|Publication number||US4973114 A|
|Application number||US 07/439,467|
|Publication date||Nov 27, 1990|
|Filing date||Nov 21, 1989|
|Priority date||Nov 21, 1989|
|Also published as||WO1991007703A1|
|Publication number||07439467, 439467, US 4973114 A, US 4973114A, US-A-4973114, US4973114 A, US4973114A|
|Inventors||Svante R. Edwardson, Rolf Eriksson|
|Original Assignee||Dentatus International Ab|
|Export Citation||BiBTeX, EndNote, RefMan|
|Patent Citations (10), Non-Patent Citations (2), Referenced by (4), Classifications (12), Legal Events (4)|
|External Links: USPTO, USPTO Assignment, Espacenet|
This invention relates to a system for producing holograms especially suited for three dimensional measurements of objects which tend to have a part changing its position in the course of time. The invention is particularly deviced for providing holograms adapted for making measurements on dental casts.
Changes in the rows of teeth have often been examined by making measurements on plaster models. Many different aids have been used for these measurements, such as rulers, callipers, dividers, symmetrographs and clear plastic arch form overlays with millimeter scales. Measurements have sometimes been made directly on the plaster model, sometimes on a photography or on an impression of the same. Three dimensional measurements have sometimes been made by aid of particular measuring apparatuses. As computerization has become such a common technique nowadays an increasing amount of measuring points has been used in the course of time. All such measurements are made on one model at the time. The precision at measurements of this kind is in the order of tenths of millimeters. The model to be compared with a previous model is adjusted on place by aid of reference points.
In the recent years measurements have been made by making use of holograms taken on dental casts. In an article "Tooth position measurements on dental casts using holographic images" by H. Ryden et al, published in American Journal of Orthodontics 1982; 81:310-313 a laser measuring technique is described in which both rows of teeth are seen at the same time which gives a very illustrative picture of changes which have taken place.
In an article "Holographic measuring of deformations in complete upper dentures" by I. Dirtoft et al, SPIE Vol 211 Optics an Photonics Applied to Medicine, 1979 a method is described in which measurements are made on sandwich holograms put together by holograms taken at different times.
In U.S. Pat. No. 4,764,012 a device for determining the displacement of a tooth between two different examinations made at separate occations. According to this document comparations are made between a hologram taken by a plaster dental cast taken at a first time and a plaster dental cast taken at another time or a hologram of it.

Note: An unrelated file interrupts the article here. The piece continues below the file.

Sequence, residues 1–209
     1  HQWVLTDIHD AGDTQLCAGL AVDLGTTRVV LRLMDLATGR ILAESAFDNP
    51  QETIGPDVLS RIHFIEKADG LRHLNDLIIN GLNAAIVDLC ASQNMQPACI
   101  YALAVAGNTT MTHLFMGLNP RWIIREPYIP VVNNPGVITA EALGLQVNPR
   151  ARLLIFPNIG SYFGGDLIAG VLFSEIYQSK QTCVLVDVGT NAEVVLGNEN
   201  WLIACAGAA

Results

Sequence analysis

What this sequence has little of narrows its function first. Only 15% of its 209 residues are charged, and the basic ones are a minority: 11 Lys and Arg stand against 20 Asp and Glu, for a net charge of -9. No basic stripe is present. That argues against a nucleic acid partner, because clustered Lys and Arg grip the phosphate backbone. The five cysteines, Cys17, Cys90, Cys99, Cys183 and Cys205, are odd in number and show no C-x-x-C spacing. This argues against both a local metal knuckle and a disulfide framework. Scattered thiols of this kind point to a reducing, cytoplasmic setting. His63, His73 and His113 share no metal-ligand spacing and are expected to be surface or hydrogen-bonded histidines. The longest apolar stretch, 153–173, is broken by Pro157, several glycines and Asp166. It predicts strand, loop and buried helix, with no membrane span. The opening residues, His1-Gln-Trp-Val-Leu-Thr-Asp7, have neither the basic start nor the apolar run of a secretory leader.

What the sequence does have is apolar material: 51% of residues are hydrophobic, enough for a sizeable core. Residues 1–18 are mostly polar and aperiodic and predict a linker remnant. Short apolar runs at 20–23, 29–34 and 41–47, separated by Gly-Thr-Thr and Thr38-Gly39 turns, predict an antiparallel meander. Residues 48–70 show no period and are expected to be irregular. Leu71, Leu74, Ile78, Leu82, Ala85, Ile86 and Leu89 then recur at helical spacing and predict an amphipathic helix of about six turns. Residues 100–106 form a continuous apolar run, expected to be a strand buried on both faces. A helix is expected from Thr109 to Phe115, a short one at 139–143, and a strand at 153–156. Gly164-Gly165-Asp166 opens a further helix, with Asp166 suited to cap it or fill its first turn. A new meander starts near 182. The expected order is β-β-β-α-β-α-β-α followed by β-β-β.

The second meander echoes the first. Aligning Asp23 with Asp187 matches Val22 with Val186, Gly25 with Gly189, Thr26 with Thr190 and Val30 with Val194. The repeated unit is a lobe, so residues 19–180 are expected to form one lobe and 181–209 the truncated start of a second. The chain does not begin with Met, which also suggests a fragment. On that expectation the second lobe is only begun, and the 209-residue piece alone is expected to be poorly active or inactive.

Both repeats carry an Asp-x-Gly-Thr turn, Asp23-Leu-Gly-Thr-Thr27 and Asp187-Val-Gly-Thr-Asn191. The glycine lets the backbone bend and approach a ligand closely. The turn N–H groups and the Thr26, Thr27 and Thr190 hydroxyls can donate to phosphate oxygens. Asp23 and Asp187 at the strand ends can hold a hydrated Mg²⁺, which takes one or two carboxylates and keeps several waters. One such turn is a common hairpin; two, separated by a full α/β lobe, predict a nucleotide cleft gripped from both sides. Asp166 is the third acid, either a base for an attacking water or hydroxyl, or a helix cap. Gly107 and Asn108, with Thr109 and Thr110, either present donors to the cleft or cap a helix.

An object of the invention is to provide a device for making holograms on objects to be measured without the need of having particularly vibration free arrangements for the device.
Another object of the invention is to provide a combination device in which the hologram or holograms of an object to be measured are taken, and also in which three dimensional measurements on the object are made by aid of the hologram and the object or a model of it or by aid of at least two holograms.
Even though making holograms of dental cast is described and illustrated in the description it is obvious for a man skilled in the art that the same idea is applicable also for making holograms of other objects.
Further features and details of the invention will be apparent from the following description of certain modes of operation and a specific embodiment of the invention that will be given by way of example with reference to the accompanying drawings, in which:
FIG. 1 is a side view having the side wall taken away of an embodiment of the device according to the invention,
FIG. 2 is a perspective view in a wider scale than in FIG. 1 of an embodiment of a support frame provided in the device according to the invention,
FIG. 3 is a schematic view of the optic arrangement when the device according to the invention is set for providing a hologram.
With reference to FIG. 1, the apparatus is mounted inside a cover 1. The cover is vertically arranged on a base plate 2 resting on four shock absorbing, elastic pads 3. The cover is made of a stiff material, such as aluminum, and the base plate is made of a material and has such a thickness that the apparatus in spite of being rather high has a low point of balance, e.g. is made of steel. A laser tube 4, e.g. a 5 mW helium-neonlaser tube, with optics and a shutter unit 5 is rigidly mounted inside the cover 1. The laser tube and the optics are preferably placed physically in a row after each other in order to prevent the use of mirrors folding the beam path. All optical elements can have small scratches and dust particles causing light to diffract, resulting in noticeable patterns in the beam, and therefore as few optical elements as possible are to be used. This makes the housing 1 rather high. However, it lies within the scope of the invention to place the laser at the side of the optics and directed upwardly and to use folding mirrors to direct the laser beam through the optics (not shown). The elements 4 and 5 are not bound to be directed exactly vertical but could be obliquely provided in the casing 1 with an acute angle to the vertical.